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A Second Glance: ‘Punisher: War Zone’ (2008)

Popular culture is an impossibly large and ever-growing thing. It’s impossible to see everything, and as a result, some things fall through the cracks. Maybe critics panned it, maybe it was a commercial flop, maybe it just didn’t catch on at the time. Whatever the case, these bits of pop cultural refuse are overdue for A Second Glance. In this edition, we look at the third and final film adaptation of The Punisher.  Punisher: War Zone.

Last Time on ‘A Second Glance’: The Punisher (2004)

There really is no comic-to-film adaptation with a story quite like The Punisher.  The Punisher has appeared on the silver screen three times: in 1989, in 2004, and once in 2008.  These movies all tell the same sort of story in an entirely different way.  Every one of the Punisher films is great in spite of their relative failure and critical lambasting.  Arguing over which one is the best is a fool’s errand that undercuts how unique and wonderful they all are.  The previous two films adapted the comics with their own stylistic spin.  This is the first movie to actually bring the Punisher books to life.  Punisher: War Zone is a Garth Ennis-style Punisher movie and it is a gruesomely bonkers good time.

The Plot

Frank Castle A.K.A. The Punisher has been fighting his bloody war on crime in New York City for years.  The criminals fear him and the police mostly stay out of his way.  One night Castle mistakenly kills an undercover FBI agent attached to mobster Billy “The Beaut” Russoti (Dominic West.)  Frank decides to throw himself upon the mercy of the dead agent’s wife Angela (Julie Benz).  When Angela refuses to kill Castle he decides to retire from the vigilante trade.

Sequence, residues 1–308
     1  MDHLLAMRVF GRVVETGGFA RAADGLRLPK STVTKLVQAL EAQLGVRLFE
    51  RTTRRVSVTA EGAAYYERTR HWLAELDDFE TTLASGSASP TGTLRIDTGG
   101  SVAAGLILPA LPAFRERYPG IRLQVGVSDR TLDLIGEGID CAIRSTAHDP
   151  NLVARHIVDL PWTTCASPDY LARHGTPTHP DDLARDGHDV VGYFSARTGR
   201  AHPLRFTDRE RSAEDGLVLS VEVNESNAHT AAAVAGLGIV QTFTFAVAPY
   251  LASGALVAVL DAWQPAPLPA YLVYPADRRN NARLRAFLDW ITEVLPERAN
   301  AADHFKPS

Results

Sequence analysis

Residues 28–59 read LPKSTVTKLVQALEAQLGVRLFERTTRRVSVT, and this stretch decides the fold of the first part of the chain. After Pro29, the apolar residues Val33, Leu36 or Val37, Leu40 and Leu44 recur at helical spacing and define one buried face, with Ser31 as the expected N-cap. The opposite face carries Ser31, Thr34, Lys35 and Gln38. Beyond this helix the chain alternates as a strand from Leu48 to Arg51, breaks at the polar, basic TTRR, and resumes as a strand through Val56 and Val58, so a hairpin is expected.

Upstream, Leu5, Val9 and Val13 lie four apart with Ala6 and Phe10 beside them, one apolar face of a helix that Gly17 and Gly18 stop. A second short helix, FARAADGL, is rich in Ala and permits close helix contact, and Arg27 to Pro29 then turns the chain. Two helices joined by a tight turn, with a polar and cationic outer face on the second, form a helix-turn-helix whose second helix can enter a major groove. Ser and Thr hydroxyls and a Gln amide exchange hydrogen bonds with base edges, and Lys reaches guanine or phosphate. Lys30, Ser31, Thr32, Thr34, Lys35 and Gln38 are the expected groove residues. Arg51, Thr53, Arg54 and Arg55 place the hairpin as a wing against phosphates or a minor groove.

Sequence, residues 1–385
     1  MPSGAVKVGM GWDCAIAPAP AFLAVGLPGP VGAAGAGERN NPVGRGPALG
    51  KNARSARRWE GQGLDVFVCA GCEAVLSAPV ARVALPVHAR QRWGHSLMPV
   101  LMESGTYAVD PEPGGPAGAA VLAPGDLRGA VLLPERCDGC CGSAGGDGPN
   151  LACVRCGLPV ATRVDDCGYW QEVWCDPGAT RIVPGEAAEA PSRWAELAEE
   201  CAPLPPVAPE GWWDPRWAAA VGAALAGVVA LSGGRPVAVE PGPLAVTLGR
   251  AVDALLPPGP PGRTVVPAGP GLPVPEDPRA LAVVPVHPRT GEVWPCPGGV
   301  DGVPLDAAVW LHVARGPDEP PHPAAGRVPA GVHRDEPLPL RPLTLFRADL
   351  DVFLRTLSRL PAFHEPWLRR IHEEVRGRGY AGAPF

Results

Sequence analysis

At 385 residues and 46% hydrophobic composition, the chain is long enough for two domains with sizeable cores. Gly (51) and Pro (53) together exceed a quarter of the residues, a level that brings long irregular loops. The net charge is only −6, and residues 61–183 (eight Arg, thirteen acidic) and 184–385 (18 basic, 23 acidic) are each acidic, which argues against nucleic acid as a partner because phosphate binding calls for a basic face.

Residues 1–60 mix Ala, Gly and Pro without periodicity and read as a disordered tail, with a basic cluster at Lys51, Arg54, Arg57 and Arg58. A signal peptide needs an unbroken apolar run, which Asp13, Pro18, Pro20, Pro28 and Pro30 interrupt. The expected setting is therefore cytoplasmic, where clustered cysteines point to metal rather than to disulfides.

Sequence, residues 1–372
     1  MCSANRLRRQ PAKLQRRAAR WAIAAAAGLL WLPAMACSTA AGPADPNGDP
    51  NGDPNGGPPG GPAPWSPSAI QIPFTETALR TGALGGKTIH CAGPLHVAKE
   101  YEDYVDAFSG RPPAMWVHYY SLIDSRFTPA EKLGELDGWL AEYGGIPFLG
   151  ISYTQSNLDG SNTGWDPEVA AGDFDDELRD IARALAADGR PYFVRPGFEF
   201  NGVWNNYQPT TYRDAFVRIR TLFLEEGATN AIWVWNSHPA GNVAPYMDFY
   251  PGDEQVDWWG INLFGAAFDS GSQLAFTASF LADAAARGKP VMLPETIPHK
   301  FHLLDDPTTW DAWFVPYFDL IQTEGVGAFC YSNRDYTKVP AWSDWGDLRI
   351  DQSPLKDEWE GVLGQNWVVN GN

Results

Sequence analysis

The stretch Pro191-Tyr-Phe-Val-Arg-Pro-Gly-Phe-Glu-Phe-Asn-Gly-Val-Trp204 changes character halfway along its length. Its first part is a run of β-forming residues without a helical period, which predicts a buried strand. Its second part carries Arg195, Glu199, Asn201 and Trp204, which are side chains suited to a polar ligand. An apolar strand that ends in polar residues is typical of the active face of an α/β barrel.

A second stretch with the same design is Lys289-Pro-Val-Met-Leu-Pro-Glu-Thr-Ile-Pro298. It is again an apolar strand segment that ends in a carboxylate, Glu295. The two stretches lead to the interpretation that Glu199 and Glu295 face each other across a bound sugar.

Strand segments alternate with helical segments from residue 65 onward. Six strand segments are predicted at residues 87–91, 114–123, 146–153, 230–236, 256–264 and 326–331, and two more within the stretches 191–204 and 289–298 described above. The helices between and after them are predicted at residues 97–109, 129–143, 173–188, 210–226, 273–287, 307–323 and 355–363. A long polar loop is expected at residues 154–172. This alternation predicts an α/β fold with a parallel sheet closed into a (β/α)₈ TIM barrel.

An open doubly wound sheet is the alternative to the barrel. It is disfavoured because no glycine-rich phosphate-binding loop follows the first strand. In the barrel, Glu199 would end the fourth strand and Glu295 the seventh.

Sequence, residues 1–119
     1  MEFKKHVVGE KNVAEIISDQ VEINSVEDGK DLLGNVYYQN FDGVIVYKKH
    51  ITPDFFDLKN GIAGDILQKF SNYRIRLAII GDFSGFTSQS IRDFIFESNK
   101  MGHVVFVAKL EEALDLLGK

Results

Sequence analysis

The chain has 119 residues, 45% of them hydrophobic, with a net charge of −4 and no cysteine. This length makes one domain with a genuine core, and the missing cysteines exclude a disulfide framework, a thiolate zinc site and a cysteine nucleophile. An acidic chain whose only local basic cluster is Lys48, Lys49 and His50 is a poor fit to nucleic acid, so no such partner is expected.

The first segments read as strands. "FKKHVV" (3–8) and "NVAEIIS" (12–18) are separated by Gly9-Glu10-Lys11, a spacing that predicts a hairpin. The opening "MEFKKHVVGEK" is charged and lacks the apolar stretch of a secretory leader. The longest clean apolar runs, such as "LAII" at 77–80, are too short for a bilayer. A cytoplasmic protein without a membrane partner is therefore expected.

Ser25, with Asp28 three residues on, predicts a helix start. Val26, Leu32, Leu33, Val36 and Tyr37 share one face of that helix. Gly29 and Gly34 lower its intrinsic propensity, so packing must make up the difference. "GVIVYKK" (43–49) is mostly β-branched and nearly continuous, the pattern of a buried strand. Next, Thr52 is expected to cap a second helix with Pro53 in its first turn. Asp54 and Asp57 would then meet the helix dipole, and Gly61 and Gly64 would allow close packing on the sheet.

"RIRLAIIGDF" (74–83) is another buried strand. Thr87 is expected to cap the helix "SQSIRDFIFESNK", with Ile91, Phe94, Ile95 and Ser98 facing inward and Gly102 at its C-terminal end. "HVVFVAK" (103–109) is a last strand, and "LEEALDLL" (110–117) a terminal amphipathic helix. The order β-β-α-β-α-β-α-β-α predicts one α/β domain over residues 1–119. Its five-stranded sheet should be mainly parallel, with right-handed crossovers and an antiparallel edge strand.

Billy Russotti becomes badly disfigured by his encounter with The Punisher.  Russoti turns to reconstructive surgery but still ends up looking like a patchwork monstrosity.  Angered by his shattered vanity and by finding out that one of his men was a federal agent, he sets out to get revenge and get his money back.  The mobster changes his name to Jigsaw to reflect his new look and tries to find a way to kill The Punisher.

The Characters

Punisher: War Zone 01

Each iteration of The Punisher has been different and Punisher: War Zone is no exception.  Ray Stevenson plays an older Frank Castle, a man on the wrong side of 40.  Ray Stevenson doesn’t have the chiseled abs and heroic jawline of Dolph Lundgren and Thomas Jane.  Stevenson’s Punisher is a man who keeps in shape, but also lives off of junk food and MREs.  Stevenson’s Frank also has a secret heart beneath all the murderous desires.  Frank Castle is brutal and cruel but he’s also sympathetic to those in need and good with kids.

Joining The Punisher this time around is his long-time partner from the comics, Microchip (Seinfeld’s Wayne Knight).  Knight generally plays socially awkward doofuses and creeps, so Micro is a bit of a change of pace for him.  Knight brings an affable likability to a character that even many die-hard fans of The Punisher have never really cared for.

Punisher: War Zone 03